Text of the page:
Skateboarding experienced a cinematic moment in 2018, as three movies that heavily featured the sport and the ‘wayward’ teens who engage in it were released within months of each other. The nonfiction one, Minding the Gap, was universally recognized as the best of the three, the other two being Mid90’s and Skate Kitchen. Bing Liu’s debut documentary, sprung from his compulsion to shoot skate videos of himself and his friends from his teenage years, starts as a carefree exploration of several young men as they tear around Rockford, IL, but as Liu identifies the unspoken similarities in his and fellow principals Keire’s and Zack’s lives, the film escapes the gravity of their degraded post-industrial town and turns into something profound.
Jennifer Fox goes deep into her past and her psyche for the autobiographical The Tale, a harrowing and disconcerting story of memory and abuse. This is as personal as it gets, as Fox holds nothing back in the depiction of what happened to her, and how she interpreted it at the time and for much of her life after. It nears the unrecommendable category of difficult movies, but it’s also an important examination and rebuttal of so many dismissive arguments regarding the experience of sexual abuse, delving into the psychological labyrinths and counter-intuitive actions a victim can construct and take to live with their experience. Fox’s background is in documentary filmmaking, and The Tale represents a merging of her journalistic know-how and a compelling grasp of intimate storytelling.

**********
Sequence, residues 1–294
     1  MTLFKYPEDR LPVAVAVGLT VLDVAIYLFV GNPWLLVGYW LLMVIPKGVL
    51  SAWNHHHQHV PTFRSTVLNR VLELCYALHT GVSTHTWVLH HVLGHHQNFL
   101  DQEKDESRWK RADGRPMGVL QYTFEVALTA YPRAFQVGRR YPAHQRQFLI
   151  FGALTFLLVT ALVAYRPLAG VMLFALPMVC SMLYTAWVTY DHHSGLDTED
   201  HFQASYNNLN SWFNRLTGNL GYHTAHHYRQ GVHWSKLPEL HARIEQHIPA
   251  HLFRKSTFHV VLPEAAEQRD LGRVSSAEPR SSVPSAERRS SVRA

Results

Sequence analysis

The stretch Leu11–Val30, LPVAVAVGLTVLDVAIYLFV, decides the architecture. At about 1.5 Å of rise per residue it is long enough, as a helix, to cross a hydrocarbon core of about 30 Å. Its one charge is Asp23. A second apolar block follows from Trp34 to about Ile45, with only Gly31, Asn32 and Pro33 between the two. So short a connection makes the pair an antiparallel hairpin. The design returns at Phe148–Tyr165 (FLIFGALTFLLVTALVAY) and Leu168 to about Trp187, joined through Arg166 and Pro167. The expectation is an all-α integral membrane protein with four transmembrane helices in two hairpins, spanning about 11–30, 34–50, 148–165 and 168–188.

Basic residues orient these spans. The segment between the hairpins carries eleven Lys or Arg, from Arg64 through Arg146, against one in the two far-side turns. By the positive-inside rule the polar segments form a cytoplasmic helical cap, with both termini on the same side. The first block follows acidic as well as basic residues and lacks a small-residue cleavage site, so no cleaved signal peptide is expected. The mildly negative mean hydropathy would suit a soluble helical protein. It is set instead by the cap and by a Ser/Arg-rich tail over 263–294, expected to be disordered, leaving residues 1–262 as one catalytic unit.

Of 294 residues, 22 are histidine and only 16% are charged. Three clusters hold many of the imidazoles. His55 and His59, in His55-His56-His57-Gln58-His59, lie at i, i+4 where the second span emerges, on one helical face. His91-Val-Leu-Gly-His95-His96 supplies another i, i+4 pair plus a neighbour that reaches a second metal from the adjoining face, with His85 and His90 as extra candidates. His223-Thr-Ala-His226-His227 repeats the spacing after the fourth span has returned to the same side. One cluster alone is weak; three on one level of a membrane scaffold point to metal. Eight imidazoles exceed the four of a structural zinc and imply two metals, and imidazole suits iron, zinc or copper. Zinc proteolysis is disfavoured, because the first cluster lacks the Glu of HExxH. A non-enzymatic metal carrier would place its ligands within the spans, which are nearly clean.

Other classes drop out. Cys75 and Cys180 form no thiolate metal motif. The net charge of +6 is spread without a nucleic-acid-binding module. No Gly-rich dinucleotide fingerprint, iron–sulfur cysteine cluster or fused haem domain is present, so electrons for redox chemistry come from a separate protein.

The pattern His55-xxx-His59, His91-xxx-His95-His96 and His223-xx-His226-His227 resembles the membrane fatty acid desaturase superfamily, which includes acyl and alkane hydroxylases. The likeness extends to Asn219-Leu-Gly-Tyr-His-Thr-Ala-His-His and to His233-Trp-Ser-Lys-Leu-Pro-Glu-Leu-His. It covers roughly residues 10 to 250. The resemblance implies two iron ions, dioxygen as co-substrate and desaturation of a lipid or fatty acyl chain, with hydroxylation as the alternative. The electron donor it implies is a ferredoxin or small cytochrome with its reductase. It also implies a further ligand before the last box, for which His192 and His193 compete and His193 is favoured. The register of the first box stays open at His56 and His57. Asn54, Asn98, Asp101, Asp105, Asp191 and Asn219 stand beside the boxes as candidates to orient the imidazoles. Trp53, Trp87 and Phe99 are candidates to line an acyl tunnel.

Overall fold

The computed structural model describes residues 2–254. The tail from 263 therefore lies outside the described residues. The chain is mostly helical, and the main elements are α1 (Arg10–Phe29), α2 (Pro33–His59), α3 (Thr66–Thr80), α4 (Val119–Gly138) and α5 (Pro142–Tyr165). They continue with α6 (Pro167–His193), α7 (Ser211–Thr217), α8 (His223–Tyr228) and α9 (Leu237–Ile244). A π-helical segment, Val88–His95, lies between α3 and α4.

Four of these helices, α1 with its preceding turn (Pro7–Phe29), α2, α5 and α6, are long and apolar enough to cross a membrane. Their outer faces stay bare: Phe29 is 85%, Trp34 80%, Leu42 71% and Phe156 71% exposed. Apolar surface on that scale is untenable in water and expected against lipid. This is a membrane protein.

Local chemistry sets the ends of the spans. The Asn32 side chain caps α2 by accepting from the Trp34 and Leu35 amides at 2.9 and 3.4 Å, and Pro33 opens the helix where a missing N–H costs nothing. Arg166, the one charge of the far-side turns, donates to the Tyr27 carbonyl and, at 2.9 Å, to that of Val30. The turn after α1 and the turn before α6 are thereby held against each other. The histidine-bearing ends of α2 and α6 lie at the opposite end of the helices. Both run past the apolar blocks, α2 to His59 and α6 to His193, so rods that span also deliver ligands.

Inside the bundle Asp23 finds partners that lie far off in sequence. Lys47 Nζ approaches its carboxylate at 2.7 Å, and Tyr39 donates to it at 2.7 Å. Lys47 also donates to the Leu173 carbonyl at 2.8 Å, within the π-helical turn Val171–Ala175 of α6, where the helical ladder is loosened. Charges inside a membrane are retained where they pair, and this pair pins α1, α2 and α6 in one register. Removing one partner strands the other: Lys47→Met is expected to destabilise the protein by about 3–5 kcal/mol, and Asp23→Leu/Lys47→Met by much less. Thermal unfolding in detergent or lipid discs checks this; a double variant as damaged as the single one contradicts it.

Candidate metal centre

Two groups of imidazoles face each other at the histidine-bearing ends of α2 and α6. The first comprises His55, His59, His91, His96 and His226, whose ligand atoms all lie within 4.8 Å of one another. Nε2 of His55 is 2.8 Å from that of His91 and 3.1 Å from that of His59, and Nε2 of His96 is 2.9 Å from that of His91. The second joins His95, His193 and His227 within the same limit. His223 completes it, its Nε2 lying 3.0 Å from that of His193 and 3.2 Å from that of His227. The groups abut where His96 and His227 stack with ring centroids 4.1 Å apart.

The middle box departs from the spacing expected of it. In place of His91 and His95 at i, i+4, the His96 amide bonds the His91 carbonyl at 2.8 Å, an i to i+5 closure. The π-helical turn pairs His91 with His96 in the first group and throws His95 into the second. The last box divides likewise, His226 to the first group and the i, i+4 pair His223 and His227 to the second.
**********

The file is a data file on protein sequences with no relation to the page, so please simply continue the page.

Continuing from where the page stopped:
After five years, Steve McQueen returns to cinema, not with another bracing historical drama or psychological gauntlet, but by trying his hand at genre filmmaking, specifically the tried-and-true heist. Unsurprisingly, based on the bravura work on display in films like Hunger and 12 Years a Slave, McQueen brings the same headiness and depth to Widows. There’s presumably no genre that the English director can’t excel at, especially when he’s gained the clout to assemble a cast that includes rising stars like Carrie Coon and established icons like Robert Duvall, both of which hang out around the double digits on the call sheet. Led by Viola Davis and written by Gillian Flynn, Widows’ pedigree considerably elevates it before the first shots, and McQueen wrings every last drop of potential from the premise and the assembled talent.
Coinciding with the centennial of the end of WWI, the latest adaptation of the British play Journey’s End manages to remain potent and devastating, no matter how many casts and directors take a crack at it. So few films are set during this, the crucial event of the 20th century, that there may be some scarcity-induced grade elevation. It’s so important for audiences to consider a war that didn’t have simple good and evil dichotomies, but the material is so bleak and dreadful that it’s also understandable for studios to shy away from depictions of grinding trench warfare. Journey’s End might situate the viewer on the side of the eventual victors, but the film communicates the minimal comfort that status conveys.